Lacking the creative juices

“There are books of which the backs and covers are by far the best parts.”

Oliver Twist by Charles Dickens

The great artist in the sky is poised, pencil in hand, en train de dessiner.

He is drawing me.

Imagine the cartoon me. I’m sketchy and one-dimensional at present. I sit on a park bench along the Thames in the shade of a great plane tree. Millions of bottoms before me have sat on this very bench. Seagulls fly and cry high above me. Ducks drift past on the tide. I sit. I stare. The sun darts around in the soft breeze making patterns at my feet. Small boys kick a ball around on the field behind me and a jogger bounds past. The artist has drawn a thought bubble above my head. Save for the blurs and smudges from words hastily scrawled and then rubbed out, the bubble is empty.

I usually have quite a lot to say … perhaps, as Hubby suggests, I burble a bit.

Today the words elude me.

I’m not exactly sure what writers block is, but suddenly all the ideas I’ve had and my last few attempts at putting pen to paper (finger to keyboard) have just fallen flat.

It feels a bit like losing a coin under your car seat while driving. You know you had it, you have an idea where to find it, but you can’t see it. You can’t really get into a position to scratch around for it because the car is moving and you have places to go. Instead, you make a mental note to search again when … When? Some time.

Tuesday is my writing day.

But the thought bubble is blank and the coin I thought I had is proving difficult to find.

So, I’ve not achieved much on the writing front. But the whole day was not lost.

A great lover of sorting, cleaning, de-cluttering and throwing away, I put myself to the task today and that’s felt good. The spare room cupboard is now ready for my mama’s arrival on Saturday. Also, some house work is done and I’ve potted around the terrace (literally). The sun has been shining.

I know there will be better writing days.

And finally, at the end of the afternoon, I had a bit of a breakthrough on some story research I’ve been doing, the thread of which looked as though it had gone cold (apologies for the mixed metaphor). Happy days.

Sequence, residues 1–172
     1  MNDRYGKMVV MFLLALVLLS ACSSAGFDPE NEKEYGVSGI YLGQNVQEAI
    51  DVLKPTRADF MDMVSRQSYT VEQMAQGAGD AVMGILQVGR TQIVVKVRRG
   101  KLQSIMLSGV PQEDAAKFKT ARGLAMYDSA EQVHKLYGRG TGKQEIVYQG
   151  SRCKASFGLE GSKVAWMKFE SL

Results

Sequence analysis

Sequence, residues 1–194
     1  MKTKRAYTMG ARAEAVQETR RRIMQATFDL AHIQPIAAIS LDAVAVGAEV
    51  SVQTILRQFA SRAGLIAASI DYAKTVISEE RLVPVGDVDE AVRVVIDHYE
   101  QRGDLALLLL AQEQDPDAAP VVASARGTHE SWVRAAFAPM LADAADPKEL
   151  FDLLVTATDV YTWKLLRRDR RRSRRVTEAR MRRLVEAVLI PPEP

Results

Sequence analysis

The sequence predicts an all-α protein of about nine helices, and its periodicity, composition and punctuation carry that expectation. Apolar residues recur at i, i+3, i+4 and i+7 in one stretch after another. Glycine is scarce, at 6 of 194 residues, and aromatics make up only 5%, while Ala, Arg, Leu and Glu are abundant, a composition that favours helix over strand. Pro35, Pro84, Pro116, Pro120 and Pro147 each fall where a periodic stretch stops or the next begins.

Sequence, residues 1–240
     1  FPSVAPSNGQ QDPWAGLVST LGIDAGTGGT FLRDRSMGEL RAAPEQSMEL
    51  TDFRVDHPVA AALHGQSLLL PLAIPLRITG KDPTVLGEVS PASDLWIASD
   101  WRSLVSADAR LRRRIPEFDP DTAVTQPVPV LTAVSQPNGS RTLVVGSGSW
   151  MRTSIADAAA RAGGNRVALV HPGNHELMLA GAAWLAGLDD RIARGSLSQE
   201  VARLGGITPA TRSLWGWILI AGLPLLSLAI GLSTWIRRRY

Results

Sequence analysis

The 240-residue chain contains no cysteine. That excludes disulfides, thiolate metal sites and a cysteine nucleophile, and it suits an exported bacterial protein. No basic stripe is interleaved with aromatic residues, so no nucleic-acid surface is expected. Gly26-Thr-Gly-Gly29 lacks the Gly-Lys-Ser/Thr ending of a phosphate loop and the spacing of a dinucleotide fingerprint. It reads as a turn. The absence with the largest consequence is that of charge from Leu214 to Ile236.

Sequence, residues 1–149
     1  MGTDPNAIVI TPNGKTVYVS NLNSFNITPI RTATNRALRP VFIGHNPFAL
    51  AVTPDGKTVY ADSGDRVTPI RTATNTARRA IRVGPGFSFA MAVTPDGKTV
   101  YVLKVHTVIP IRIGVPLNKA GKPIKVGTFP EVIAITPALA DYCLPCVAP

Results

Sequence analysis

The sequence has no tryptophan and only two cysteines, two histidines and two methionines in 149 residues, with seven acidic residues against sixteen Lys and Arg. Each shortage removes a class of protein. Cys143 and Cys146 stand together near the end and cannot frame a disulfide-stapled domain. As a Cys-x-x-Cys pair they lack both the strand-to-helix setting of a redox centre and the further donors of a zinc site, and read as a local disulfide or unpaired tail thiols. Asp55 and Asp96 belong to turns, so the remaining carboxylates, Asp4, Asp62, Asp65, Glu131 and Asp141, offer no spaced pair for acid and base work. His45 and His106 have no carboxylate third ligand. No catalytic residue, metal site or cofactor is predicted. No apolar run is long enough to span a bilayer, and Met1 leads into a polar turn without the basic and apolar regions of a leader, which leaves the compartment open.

Whatever you are wrestling with, you might not figure it out today. Don’t stress, tomorrow is another day. Consider today your first draft!

Now I must change my jeans for something with an elasticated waistband. Hubby and I have been invited over to our Chinese neighbours for dinner. It’s always a feast. They have just returned from a cruise to Alaska. We will hear all about it tonight. They are great critics of 5 star accommodations abroad. I look forward to it!

SMALL PRINT:
P.s. Where I sat on the park bench, where time and tide and life busied past me, was once the Fulham Riviera – where the poor people around the Bishop of London’s estate went on sunny summer days. The wealthy Londoners went to Europe.
P.p.s. Our South African house plans continue in earnest. Is anyone interested in having a peek at the drawings?
P.p.p.s. Hubby and I went to see Dunkirk on the weekend – I seriously recommend it. Hubby’s theory is that it has a distinct Brexit narrative. Hmmm. If you think so too, here’s an interesting article to read.
P.p.p.p.s. I sincerely apologise for my last few ‘woe is me’ posts and my non-post today. More exciting times to come as we travel to Russia for 2 weeks in August!

Leaf by Niggle

“The bicycle was rolling along over a marvellous turf. It was green and close; and yet he could see every blade distinctly. He seemed to remember having seen or dreamed of that sweep of grass somewhere or other. The curves of the land were familiar somehow. Yes: the ground was becoming level, as it should, and now, of course, it was beginning to rise again. A great green shadow came between him and the sun. Niggle looked up, and fell off his bicycle. Before him stood the Tree, his Tree, finished.”

Leaf by Niggle by J.R.R.Tolkien

J.R.R. TOLKEINA funny little tale. Just 43 pages.

At the beginning of the Second World War J.R.R.Tolkien was called into active service. He’d been writing one book for some years. Now, he despaired of ever fully realising his work, The Lord of the Rings.

His characters and storyline were so grand. Worm-holes of plots and sub-plots had developed in his imagination, creatures and landscapes so ambitious, so intricate, he wondered if he could ever really put it all down on paper – or when even? Continue reading Leaf by Niggle